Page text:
A Conversation with Andre of Sunnyfield Farm

This story was originally shared from San Juan Islands Agriculture Guild and is re-shared here with permission. Sunnyfield Farm, LLC is a small, family-run goat dairy providing wholesome, high-quality goat milk products to their Lopez Island community and neighboring islands.

Do you have a moment that inspired you to become a farmer?

Well, not so much, but I do remember being about 21 or 22 and reading about Buddhism and specifically a book written by Osho, and in it was described the slaughterhouse and how all the cattle could be shot one after the other and all that fear/adrenaline coursing through their bodies is then ingested by us. Wow! I’m sure there were a few other things I read about factory farming, but that was a big one to make me think about where my food comes from and to make choices about it.

Then later on, way opened and my obsession for goats had a place to manifest right here on Lopez. I don’t know how that obsession started. I have some ideas….

Is there anything you’d like to share about your experience working with goats or in a dairy?

I wanted a routine, and there might not be any more of a regular one than to milk animals twice a day, even on Sunday morning. Goats have some pretty incredible personalities (I’m getting in to dairy sheep lately and find I like them more than I thought, but they have more of a tricky to read personality). The goats, the milk and the cheese all work their romantic magic on me when I let it and helps remind me I’m a part of an old school practice.

Traveling to France definitely helps with my inspiration when I get a little down trodden trying to make enough money to keep going with an almost 100% goat dairy income. But France is expensive, so I mostly watch as many fromage de chèvre videos I can on YouTube and read. And you can’t beat having a piping hot black coffee waiting in hand when the first string of goats comes in the milk parlor ready for a real Cappuccino. Straight stream of milk directly in the cup makes a nice foam. The original foam mind you…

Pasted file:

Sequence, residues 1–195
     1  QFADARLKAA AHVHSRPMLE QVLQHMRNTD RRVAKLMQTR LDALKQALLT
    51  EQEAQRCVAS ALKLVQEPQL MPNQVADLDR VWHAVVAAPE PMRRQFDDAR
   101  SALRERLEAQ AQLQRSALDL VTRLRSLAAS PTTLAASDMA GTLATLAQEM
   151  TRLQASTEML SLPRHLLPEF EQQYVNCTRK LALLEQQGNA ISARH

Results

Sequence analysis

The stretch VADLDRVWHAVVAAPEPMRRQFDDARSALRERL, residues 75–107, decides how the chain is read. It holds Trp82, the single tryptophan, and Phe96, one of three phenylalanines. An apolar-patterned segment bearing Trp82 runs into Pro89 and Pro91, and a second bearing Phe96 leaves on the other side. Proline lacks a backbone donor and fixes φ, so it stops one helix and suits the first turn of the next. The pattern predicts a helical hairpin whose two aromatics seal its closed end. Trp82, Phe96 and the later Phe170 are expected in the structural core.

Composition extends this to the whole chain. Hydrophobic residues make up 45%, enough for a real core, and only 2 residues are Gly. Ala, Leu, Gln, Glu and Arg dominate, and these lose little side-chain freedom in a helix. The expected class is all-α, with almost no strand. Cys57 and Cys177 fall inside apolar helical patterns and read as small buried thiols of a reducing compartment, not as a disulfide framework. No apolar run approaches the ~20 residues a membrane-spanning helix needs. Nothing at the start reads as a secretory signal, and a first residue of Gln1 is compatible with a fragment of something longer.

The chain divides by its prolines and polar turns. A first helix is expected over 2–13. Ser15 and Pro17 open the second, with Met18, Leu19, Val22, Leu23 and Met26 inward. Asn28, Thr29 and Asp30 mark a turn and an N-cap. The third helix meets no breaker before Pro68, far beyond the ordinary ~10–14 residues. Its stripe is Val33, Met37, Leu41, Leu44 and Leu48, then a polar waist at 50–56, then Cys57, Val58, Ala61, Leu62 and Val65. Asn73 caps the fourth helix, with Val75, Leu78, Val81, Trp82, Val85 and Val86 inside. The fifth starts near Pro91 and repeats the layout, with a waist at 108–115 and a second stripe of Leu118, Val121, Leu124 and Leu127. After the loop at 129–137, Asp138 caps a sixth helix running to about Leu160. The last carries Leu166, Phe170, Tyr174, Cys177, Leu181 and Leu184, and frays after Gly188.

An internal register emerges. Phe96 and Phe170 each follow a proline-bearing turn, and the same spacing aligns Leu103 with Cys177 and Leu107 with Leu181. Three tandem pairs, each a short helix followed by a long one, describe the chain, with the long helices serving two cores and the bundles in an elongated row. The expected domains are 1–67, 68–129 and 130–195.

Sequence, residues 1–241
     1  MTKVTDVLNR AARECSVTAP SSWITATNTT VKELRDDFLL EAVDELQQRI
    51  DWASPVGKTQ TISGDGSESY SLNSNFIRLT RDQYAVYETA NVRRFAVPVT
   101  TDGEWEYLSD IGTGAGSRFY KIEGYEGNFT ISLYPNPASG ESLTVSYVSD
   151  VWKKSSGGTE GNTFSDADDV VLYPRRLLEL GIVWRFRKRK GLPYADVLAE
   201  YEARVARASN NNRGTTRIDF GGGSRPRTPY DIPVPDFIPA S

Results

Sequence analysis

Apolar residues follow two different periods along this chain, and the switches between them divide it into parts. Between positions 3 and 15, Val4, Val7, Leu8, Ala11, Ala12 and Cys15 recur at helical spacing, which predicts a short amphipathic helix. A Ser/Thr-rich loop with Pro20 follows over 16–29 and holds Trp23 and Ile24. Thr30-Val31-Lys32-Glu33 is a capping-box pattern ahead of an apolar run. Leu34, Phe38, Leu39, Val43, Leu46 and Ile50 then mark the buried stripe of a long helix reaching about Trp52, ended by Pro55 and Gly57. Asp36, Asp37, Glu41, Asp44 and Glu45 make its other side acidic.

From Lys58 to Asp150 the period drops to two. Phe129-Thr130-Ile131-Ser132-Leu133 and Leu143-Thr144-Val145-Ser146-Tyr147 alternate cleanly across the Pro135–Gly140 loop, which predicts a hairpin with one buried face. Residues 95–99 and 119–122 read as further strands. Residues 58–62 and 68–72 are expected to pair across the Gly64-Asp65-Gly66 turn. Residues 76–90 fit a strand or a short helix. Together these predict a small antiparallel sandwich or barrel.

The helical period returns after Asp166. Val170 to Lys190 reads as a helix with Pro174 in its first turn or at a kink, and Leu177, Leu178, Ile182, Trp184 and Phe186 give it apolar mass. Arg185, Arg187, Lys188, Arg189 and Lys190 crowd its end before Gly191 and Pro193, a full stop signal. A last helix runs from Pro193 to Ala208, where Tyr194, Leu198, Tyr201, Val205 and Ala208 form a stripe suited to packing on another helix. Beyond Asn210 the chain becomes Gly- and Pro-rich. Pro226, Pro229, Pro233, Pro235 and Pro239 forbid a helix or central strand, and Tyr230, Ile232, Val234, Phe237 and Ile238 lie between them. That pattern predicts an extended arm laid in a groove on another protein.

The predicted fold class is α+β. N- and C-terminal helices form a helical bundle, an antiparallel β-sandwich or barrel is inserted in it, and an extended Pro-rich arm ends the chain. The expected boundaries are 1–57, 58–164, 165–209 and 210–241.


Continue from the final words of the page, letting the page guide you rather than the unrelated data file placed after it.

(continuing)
What is a challenge you have overcome working in the islands?

My challenge that I have only partially overcome is my idealistic hopes that people in San Juan county will buy our cheese (if they like goat cheese) first, and not shop at Costco, so then I won’t be so dependent on visitors. I’ve partially overcome it because I’ve accepted the reality somewhat that what we have to sell our cheese for is just not in the budget for many locals, and it’s gotten even worse since the pandemic. That put an extra wrench in the economy and has affected buying habits. So in some terms it’s hard to admit that our business might not be sustainable. It needs those outside inputs…

What rewards do you find in your work?

The biggest rewards I get is the feedback and appreciation from customers at the farmers market. Those people that have gone ahead and expressed their bliss at our delicious cheese has been such a boost to what I do. The market has it’s difficult side: having to say nearly the same thing and look enthusiastic for every customer for 6 hours straight. But the PR and the genuine interactions make up for all of it.

Another one is the absolutely stunning visual moments I get around the farm coupled with the emotions that come with it. It’s a beautiful place I get to work and I can just stroll home 200’ and have coffee with my wife and see my kids run up the driveway after school. Couldn’t beat it (unless my farm was in California so I could surf before milking….)